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News-Sentinel.com Your Town. Your Voice.

Dave Ramsey:

Copyright 2014 The Associated Press. All rights reserved. This material may not be published, broadcast, rewritten or redistributed.The Associated Press
Tuesday, December 13, 2016 04:25 am

Dear Dave,I’m 38 years old, and I’ve got $12,000 in student loans still hanging over my head. It’s the only debt I have. I make $30,000 a year, and I’ve managed to save $12,000, but I’m also driving a junky, old car that will have to be replaced soon. Should I split the money I’ve saved and buy a $6,000 car while paying off $6,000 of the student loan? — Phil

Dear Phil,

If I’m in your shoes, I want that student loan out of my life as quickly as possible. At the same time, I don’t want you living life without some money in the bank.

If you’ve followed me for very long, you know I teach the Baby Steps when it comes to getting out of debt and saving money. Baby Step 1 is to save a beginner emergency fund of $1,000. Baby Step 2 is to pay off all debt, except for your home, using the debt snowball method. The third Baby Step is to build a fully funded emergency fund of three to six months of expenses.

You don’t have quite enough on hand for your idea and to have something left over. I recommend paying off $11,000 of the school loan now and then finishing it up as you go. It won’t take much more time. Limp along in the beater for a little while longer and then, when you have no student loan debt, finish your emergency fund and start a car fund. — Dave

The teacher was wrong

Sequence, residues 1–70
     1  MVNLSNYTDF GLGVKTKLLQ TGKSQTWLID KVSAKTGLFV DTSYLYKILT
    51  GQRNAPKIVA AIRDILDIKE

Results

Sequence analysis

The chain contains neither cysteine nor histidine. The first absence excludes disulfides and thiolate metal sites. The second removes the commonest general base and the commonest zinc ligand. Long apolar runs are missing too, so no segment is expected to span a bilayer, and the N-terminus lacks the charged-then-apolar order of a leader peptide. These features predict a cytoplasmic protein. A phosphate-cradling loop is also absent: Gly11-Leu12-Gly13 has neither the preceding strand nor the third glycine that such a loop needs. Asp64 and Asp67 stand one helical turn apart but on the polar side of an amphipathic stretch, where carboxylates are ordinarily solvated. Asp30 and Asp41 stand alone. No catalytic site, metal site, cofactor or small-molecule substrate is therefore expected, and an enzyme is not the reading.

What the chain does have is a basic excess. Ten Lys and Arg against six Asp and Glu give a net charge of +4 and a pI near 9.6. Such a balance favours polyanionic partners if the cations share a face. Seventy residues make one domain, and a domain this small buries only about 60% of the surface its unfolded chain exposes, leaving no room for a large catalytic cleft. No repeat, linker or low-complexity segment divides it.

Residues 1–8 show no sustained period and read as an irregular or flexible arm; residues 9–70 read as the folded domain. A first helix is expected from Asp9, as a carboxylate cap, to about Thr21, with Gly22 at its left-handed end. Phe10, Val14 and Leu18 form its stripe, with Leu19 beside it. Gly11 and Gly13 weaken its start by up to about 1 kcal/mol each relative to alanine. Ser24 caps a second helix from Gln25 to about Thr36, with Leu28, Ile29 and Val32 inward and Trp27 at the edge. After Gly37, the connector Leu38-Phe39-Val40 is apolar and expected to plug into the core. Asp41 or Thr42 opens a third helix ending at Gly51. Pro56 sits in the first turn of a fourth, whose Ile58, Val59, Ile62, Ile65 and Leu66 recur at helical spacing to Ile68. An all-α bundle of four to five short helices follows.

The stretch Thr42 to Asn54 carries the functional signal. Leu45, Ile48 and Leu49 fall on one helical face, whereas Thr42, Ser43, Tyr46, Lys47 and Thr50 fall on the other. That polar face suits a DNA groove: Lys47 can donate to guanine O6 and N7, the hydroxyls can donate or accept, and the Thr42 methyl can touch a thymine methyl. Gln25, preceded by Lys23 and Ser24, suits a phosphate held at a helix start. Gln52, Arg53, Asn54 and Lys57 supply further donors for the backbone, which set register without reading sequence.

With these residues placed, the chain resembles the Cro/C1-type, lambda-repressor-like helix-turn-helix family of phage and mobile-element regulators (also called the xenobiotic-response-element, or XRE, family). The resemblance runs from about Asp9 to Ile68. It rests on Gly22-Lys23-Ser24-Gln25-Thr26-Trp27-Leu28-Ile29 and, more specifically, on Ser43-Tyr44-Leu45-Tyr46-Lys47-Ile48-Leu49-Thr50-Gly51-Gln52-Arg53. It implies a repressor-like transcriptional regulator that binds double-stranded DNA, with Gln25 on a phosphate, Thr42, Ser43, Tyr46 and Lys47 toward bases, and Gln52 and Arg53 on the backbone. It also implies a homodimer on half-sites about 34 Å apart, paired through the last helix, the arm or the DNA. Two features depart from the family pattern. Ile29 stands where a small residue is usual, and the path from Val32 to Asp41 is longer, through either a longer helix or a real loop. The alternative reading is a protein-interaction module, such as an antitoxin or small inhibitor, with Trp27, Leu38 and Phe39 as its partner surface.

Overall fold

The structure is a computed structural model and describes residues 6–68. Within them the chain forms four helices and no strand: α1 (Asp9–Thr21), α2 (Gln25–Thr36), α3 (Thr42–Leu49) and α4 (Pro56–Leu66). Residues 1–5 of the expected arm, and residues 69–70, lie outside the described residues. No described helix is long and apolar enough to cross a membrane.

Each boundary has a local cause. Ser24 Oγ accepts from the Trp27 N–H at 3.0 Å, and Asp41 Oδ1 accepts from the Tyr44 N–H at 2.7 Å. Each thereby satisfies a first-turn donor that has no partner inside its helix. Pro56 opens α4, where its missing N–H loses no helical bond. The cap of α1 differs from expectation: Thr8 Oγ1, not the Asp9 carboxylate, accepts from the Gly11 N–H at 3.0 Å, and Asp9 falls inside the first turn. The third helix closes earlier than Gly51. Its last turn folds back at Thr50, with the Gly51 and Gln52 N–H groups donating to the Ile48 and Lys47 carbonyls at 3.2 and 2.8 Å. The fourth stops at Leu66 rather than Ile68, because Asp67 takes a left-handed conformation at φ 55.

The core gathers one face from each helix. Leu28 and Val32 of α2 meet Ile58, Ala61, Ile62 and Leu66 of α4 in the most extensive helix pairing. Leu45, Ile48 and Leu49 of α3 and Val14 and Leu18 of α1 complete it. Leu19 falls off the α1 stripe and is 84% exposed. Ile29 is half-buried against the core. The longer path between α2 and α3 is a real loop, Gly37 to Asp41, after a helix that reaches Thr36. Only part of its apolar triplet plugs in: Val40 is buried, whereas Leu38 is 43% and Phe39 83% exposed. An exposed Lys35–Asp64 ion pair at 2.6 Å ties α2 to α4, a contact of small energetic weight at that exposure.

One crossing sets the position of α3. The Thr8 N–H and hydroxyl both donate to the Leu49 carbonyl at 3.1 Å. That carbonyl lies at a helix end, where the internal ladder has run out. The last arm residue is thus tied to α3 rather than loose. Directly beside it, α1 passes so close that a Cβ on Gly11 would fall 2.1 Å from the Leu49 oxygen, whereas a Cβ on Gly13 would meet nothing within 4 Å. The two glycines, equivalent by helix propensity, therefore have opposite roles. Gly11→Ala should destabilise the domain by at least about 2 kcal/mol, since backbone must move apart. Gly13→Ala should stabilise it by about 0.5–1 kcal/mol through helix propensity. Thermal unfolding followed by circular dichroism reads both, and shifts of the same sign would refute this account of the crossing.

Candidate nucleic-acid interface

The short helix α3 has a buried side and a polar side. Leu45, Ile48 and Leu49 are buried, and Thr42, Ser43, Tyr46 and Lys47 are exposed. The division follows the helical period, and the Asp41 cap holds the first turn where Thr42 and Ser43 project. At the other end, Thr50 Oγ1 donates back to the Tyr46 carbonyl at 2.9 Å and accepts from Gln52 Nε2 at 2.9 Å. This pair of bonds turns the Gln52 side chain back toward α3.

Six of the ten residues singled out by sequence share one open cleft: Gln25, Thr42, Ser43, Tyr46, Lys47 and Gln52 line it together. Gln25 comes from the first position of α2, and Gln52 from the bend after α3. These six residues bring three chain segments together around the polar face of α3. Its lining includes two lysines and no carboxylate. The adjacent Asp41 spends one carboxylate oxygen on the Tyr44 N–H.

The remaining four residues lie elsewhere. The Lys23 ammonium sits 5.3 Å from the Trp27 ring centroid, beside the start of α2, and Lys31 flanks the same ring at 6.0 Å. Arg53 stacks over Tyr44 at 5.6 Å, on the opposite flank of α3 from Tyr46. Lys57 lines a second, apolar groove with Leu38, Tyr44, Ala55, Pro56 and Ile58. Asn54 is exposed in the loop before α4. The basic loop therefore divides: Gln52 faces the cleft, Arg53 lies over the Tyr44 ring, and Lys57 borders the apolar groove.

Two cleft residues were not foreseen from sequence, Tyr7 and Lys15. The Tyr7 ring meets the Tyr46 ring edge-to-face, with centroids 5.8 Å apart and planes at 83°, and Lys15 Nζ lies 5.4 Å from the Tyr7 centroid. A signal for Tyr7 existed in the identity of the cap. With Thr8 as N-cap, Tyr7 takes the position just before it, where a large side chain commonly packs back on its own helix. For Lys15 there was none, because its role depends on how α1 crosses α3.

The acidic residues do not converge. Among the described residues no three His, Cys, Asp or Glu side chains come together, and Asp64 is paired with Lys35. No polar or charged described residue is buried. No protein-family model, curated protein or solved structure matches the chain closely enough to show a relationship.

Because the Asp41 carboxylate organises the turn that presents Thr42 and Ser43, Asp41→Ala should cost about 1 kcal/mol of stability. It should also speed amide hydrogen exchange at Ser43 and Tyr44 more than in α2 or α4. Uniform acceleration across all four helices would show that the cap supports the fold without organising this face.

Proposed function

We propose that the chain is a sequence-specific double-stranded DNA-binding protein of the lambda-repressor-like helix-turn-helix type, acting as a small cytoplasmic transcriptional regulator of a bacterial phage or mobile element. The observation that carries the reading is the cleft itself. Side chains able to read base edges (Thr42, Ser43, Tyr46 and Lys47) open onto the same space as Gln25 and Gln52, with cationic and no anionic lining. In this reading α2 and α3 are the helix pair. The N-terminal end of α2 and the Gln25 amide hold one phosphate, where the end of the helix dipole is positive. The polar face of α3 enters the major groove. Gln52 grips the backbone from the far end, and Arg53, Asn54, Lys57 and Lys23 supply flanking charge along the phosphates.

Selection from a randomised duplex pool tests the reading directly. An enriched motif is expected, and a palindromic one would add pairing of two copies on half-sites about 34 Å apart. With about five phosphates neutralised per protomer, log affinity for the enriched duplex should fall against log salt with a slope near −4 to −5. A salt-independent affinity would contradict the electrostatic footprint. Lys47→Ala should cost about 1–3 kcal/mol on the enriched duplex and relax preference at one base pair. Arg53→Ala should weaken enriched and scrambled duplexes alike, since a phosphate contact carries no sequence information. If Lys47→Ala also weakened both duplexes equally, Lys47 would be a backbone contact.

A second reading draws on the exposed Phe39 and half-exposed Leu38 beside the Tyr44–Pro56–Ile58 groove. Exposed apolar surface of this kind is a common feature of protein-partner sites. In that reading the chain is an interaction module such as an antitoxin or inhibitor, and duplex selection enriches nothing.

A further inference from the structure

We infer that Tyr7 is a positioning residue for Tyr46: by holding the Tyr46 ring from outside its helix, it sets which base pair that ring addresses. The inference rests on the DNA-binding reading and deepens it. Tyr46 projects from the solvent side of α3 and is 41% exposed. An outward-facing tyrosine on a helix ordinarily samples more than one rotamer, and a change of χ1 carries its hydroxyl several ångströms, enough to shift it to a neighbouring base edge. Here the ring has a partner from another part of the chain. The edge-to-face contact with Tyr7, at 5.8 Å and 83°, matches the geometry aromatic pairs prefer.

Dear Dave,

My daughter is in her first year of college. Recently, her math instructor walked students through the process of getting a credit card and building credit. We’ve always followed your plan and taught her to do the same. When she asked the instructor if no credit score was as good as a high credit score, the instructor said no. He told the class the only way to buy a home without a high credit rating is by having a huge amount of assets or savings. I think I know your answer, but how do I explain this to an 18-year-old? — Allison

Dear Allison,

Well, the first thing you explain is that college instructors - even tenured college professors - can be absolutely wrong sometimes.

A few years ago my daughter took a personal finance class in college, and on the first day the instructor went on a rant saying Dave Ramsey is stupid. He didn’t know I was her dad, but she went through the entire class and never said a word. When she called home and asked what she should do, we told her to take the class and give him the answers he wants on the tests. We reminded her that she’s just taking a class, and that doesn’t mean she has to form her life opinions around what that guy thinks.

Sit down with your daughter and gently explain in this instance her instructor doesn’t have a clue what he’s talking about. Explain to her you can get a home loan even if you have no credit score. People do it all the time. There are places like Churchill Mortgage that would be happy to give her an example of this process. It’s called manual underwriting. All you have to do is make a reasonable down payment, have two years at the same job, and provide two years of tax returns.

Hope this helps, Allison! — Dave

“The Dave Ramsey Show” is heard by more than 8 million listeners each week on more than 500 radio stations. Follow Dave on Twitter at DaveRamsey and on the Web at daveramsey.com.

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